Oh, little blog, how I have neglected you so ...
It is now August — exactly three weeks until I will step foot once again into the classroom. Hard to believe. I had big plans for this summer, and some of them actually came to fruition. But most did not, and that's OK. Life happened in a very big way for us this summer. Some of it has been good, usual summertime stuff, like a trip to the beach, lots of iced coffees, reading books just for fun, drinks with friends, and a garden overflowing with basil and cucumbers and tomatoes. But some of it has been truly awful.
I have always felt self-conscious about writing about myself or my family (ask any of my grad-school cronies, and they will testify that I did so very relunctantly — a bit of a problem for a student in a nonfiction-writing MFA program). But the past few months have been so big and so shattering in many ways that I've finally decided to grow a set and write, dammit. After all, isn't that the point of all of this?
This is what has happened, that Life with a capital L to which I was referring: My husband lost both of his parents less than three months apart — his father in April and his mother in July. And my 2-year-old niece had a kidney transplant the same week of my mother-in-law's death. Vera's transplant needs to be chalked up in the "very good" category — little V is thriving and has recovered more quickly than anyone anticipated. For the first time, she is eating real food. She no longer needs dialysis. For the first time, we have allowed ourselves to think about life beyond the transplant. But the hours from when we learned a donor kidney had been found until our sweetpea was out of surgery were crazy tense.
For much of the summer, I have felt as if I have been bumping around in a fog, like I can see just far enough in front of me to navigate around the furniture. During times like these, the big things become the only things. Everything else — the minutia, the details, the trivia — gets lost. My husband is an only child, and he lost both of his parents in just under three months. There is this one thought that springs into my head sometimes when I look at my husband that I cannot shake and that shakes me to my core: You don't have any parents anymore. It is not a thought — or a reality— that is welcome, and it is beyond heartbreaking.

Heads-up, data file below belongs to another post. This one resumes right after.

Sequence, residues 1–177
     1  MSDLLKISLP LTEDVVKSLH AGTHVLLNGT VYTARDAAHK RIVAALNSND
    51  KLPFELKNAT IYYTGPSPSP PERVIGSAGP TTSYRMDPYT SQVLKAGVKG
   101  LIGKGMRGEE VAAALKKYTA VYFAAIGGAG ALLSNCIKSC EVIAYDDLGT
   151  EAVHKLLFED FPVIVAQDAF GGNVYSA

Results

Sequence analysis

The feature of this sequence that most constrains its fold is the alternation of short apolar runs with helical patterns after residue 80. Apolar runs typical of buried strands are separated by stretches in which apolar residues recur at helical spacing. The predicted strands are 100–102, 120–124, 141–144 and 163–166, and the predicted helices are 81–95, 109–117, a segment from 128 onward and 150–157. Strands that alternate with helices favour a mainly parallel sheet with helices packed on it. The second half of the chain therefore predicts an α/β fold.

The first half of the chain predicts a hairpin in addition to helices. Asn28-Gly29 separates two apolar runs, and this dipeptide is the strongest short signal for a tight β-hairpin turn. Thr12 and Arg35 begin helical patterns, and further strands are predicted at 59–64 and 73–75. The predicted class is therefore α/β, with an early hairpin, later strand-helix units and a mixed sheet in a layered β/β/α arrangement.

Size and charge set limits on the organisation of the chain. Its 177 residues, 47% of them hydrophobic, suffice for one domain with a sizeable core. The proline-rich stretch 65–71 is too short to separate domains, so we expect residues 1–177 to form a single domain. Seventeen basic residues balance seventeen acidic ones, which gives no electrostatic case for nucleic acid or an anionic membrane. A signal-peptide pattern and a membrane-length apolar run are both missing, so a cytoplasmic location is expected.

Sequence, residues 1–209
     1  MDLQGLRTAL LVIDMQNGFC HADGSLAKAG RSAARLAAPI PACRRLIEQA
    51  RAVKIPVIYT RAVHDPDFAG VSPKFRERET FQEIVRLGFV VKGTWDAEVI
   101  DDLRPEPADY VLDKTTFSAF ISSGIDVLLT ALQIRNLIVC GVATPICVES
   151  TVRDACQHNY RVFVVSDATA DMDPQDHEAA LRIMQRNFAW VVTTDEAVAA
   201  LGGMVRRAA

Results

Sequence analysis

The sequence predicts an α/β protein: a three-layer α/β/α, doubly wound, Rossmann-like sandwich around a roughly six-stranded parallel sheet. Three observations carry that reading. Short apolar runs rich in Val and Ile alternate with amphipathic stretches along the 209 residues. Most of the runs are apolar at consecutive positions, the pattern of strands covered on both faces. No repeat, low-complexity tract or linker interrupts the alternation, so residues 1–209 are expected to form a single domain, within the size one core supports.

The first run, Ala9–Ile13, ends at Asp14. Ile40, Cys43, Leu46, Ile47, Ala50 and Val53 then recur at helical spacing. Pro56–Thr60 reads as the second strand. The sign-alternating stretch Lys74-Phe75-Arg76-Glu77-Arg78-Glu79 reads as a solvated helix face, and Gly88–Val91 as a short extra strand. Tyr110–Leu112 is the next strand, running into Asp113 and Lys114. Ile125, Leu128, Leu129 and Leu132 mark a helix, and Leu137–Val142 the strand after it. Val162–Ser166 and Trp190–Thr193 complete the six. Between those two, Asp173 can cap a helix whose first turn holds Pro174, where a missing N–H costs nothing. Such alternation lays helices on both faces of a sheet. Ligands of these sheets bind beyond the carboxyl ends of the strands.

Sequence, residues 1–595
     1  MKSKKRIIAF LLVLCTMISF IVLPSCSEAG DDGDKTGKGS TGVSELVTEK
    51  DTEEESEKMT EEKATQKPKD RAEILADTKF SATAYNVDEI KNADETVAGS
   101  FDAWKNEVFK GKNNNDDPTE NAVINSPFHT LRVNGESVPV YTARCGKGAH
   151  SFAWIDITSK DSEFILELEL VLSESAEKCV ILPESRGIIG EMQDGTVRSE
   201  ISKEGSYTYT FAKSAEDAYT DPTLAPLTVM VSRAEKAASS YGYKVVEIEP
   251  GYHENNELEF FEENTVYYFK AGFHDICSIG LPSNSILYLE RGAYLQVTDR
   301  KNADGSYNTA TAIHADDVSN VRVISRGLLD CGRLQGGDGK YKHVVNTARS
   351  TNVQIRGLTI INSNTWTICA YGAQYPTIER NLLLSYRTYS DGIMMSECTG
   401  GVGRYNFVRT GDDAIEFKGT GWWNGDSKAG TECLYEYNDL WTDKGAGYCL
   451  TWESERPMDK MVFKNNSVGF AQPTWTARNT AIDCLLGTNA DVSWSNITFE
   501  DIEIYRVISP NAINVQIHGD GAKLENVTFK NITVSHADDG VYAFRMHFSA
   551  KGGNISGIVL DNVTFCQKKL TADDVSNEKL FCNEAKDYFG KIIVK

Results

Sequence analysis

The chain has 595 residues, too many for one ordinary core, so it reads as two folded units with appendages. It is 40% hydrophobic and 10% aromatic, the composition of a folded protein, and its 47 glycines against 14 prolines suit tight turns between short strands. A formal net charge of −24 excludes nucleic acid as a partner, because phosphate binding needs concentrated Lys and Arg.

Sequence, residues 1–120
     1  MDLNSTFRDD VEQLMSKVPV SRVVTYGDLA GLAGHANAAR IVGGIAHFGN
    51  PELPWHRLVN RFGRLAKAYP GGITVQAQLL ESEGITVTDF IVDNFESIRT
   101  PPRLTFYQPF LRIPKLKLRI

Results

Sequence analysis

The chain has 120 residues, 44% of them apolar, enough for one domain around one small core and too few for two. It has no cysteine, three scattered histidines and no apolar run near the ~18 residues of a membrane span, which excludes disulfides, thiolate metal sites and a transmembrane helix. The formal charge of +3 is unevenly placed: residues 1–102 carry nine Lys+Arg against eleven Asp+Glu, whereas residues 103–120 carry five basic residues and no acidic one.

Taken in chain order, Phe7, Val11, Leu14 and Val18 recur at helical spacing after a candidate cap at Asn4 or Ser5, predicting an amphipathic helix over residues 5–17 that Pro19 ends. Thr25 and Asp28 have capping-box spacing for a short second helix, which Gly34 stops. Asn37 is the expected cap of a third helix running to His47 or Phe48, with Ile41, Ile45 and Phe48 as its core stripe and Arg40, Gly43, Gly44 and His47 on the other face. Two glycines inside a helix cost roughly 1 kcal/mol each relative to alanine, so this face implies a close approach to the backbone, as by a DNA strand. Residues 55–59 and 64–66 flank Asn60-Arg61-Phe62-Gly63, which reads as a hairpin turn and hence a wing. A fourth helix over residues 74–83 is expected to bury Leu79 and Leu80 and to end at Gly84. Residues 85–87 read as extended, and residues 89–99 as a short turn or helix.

On the day my father-in-law died, I felt as if I needed to play the part of the comforter. I don't think I was very successful at that — it was an un-comfortable situation — so I think now I was more of a witness. A witness to great love and a witness to great loss.
My mother-in-law was too exhausted and too devastated (and too sick with cancer, but we didn't know that yet) to be with her husband at the hospital after the ventilator was removed. My husband stayed with him, and I went to her house to stay with her. I watched her on that chilly, rainy afternoon put on her husband's jacket, which appeared to be about 10 sizes too big for her, and curl up in his recliner. She had lost so much weight in the months she cared for him while he was ill (and because she had cancer, but, again, we didn't know that yet) that she looked like a child playing dress-up in her parents' clothes. Even her own clothes hung on her frail body like bedsheets.
She aimlessly flipped through channels on the TV until she settled on golf. "George and I always watch golf together on Sundays," she told me. She said watch, I thought. Present tense.
After about 15 minutes, she fell asleep, still a tiny ball on his chair, still enrobed in his jacket. It was so strange and sweet and sad, and as she slept, I watched her. Her husband of 45 years was dying. Forty-five years, now coming to an end.
After she woke, I decided she needed to eat something, and we settled on soup. She didn't have any in the house, so I offered to drive to Panera to pick up some of the broccoli-cheese soup I knew she liked. I wanted to pick up a sandwich for my husband, too, because in my brain, as ridiculous as it seems now, I thought he might want to eat a little something as he watched his father die.
I can't help doing things like this. It's the Italian in me, I think, to immediately wonder if someone is hungry and to feel compelled to feed them, whether they are celebratory or despondent — whether they're anything, really. (And whether they have expressed any desire to eat is entirely irrelevant, and the fact that I am now someone's mother has only made this instinct stronger.)
And so I made my way to Panera, its tables and booths stuffed with families chatting and chewing and busy bees clicking and clacking away on laptops, and I stood in line and ordered soup and a sandwich for my mother-in-law and my husband. I looked like every other person ordering a take-out cup of soup and a sandwich, but I felt marked, other. I was a daughter-in-law and a wife, doing what little she could to make two people feel just a little more comfortable on the worst day of their lives. I had that thought, which was immediately followed by this memory: